Memorial Machinations

When some student senators at U. of Washington objected to an honor for a World War II hero, the conflict quickly escalated.
February 28, 2006

Andrew Everett, a student senator and senior at the University of Washington, says he had little idea that introducing a resolution in support of building a campus memorial to Col. Gregory “Pappy” Boyington, a 1934 graduate of the institution and a World War II Medal of Honor winner, would result in rampant partisan bickering on campus. But, thanks to words and actions by both liberals and conservatives on campus and elsewhere, the lens of politics has now framed a debate that he and others say could hamper his continuing efforts to honor alumni war heroes.

“I’m somewhat historically oriented,” says Everett, a former intelligence specialist in the military who forecasted weather reports in regions where U.S. forces were deployed. “I wanted to help us express our gratitude and appreciation.

But this month, Everett’s resolution was voted down 46-45 in the Student Senate. Some senators said they couldn’t support a memorial for one person when there were other distinguished war alumni who have graduated from the university. Others argued that the resolution shouldn’t be considered before items that had been on the docket longer had been voted on. And some flat out refused to support such a memorial because they oppose killing people, even in wartime.

What disappointed Everett was not the fact that the resolution failed -- he figured he could create a new resolution that could garner a plurality. Rather, he says, the ensuing political debates that have occurred not only on campus, but in the blogosphere and on TV shows, like MSNBC’s "Scarborough Country," have been most irksome.  

“I don’t like that this has been framed in absolute terms,” says Everett. “I think it’s wrong that this turned into a political grab bag.”

Soon after the vote, Brent Ludeman, a fellow senator and head of the university’s College Republicans, e-mailed an account of the decision and meeting minutes to Kirby Wilbur, a Seattle conservative radio show host. If people like Boyington hadn't fought as they did, says Ludeman, “people like Hitler would be ruling this country.”

Wilbur assesses that some students were being “blatantly anti-military and displaying hyper politically correct attitudes.” The alumnus of the university took special offense with two comments listed in the minutes of the meeting where the resolution was voted down.

Jill Edwards, a student senator, questioned whether it was appropriate to honor a person who killed other people, and said she didn’t believe a member of the Marine Corps was an example of the sort of person the University of Washington wanted to produce. And Ashley Miller, a student senator, commented that many monuments at the university commemorate rich white men. Wilbur noted that Boyington was actually from a poor economic background and part Sioux Indian.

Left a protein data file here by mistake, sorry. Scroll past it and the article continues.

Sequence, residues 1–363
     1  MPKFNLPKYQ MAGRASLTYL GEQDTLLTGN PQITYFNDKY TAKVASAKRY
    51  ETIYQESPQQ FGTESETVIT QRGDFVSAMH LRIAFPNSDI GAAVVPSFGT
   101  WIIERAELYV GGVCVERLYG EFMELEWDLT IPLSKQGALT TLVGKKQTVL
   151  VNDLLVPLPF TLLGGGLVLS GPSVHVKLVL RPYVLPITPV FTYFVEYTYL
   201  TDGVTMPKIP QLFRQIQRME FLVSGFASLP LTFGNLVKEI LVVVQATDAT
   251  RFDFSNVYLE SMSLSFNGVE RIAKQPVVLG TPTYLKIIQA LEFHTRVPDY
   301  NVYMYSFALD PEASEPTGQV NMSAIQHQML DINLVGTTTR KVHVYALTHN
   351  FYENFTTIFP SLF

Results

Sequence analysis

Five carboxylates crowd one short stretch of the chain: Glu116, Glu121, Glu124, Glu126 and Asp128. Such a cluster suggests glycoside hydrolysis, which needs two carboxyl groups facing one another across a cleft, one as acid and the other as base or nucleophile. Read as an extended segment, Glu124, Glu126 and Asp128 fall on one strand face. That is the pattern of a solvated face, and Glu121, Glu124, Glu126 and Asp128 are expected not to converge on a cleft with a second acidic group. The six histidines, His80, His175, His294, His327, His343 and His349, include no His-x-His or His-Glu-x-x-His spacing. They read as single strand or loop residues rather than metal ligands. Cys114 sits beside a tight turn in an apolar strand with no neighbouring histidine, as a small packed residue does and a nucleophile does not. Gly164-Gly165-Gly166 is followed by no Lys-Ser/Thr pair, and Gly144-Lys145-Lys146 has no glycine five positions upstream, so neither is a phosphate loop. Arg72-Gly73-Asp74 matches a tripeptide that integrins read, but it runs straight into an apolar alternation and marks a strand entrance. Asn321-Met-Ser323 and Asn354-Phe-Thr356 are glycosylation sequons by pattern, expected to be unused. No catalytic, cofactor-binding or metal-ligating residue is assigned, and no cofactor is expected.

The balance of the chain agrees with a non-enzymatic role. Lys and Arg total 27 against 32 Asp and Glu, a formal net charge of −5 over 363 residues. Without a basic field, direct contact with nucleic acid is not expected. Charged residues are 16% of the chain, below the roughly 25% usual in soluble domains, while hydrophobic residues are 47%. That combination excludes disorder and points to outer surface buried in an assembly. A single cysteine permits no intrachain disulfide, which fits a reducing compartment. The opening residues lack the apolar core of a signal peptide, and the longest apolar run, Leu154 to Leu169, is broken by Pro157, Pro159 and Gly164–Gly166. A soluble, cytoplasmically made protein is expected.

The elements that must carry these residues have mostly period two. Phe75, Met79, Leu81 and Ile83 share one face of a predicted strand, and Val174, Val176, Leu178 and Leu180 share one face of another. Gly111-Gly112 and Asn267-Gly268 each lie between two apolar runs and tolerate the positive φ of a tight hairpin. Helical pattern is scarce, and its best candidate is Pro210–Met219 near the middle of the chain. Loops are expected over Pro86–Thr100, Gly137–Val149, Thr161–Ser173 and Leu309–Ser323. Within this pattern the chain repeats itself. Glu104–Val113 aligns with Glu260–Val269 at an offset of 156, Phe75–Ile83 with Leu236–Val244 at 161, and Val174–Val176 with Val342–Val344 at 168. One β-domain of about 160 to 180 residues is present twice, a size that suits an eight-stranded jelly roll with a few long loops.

Boyington served as a Marine Corps combat pilot in the Pacific during World War II, and his legendary performance against Japanese pilots earned him the Navy Cross and the Medal of Honor.

“Jill and Ashley should have shut up,” says Wilbur.  “I definitely think this should have been politicized, given Jill and Ashley’s comments.”

But Everett isn’t so sure. And neither is Miller. “I think that partisanship has become the main point,” she says. “But a number of people didn’t like that the memorial would only honor one person.  The senate wants to honor a number of our amazing alumni.”

Miller says that her argument during the meeting was not reflected totally in the minutes. “He wasn’t there,” she says of Wilbur. “This was a respectful debate.

“We didn’t kill the idea of having a memorial built,” she adds. “There’s been enough pressure from conservatives that something has to be built.” She notes that she’s received over 300 e-mails deriding her statements from the minutes.

“I don’t regret my statements at all,” says Miller.  “This has turned out to be a great way to talk about oppression.”

For now, Everett is trying to put politics aside by creating a resolution to honor five alumni Medal of Honor members, including Boyington. That measure is scheduled to be debated tonight. In contrast to his first resolution, he’s decided not to let Ludeman co-sponsor the resolution.

“I’m concerned that this resolution could also fail,” he says. But I hope people will just vote their conscience.”  

Miller, for one, plans to abstain.

Even if the resolution doesn’t pass, some good news has come Everett’s way. In response to this situation, after receiving hundreds of e-mails from alumni and others, the University of Washington has set up a scholarship in Boyington’s name. As of Monday, over $16,000 had been raised.


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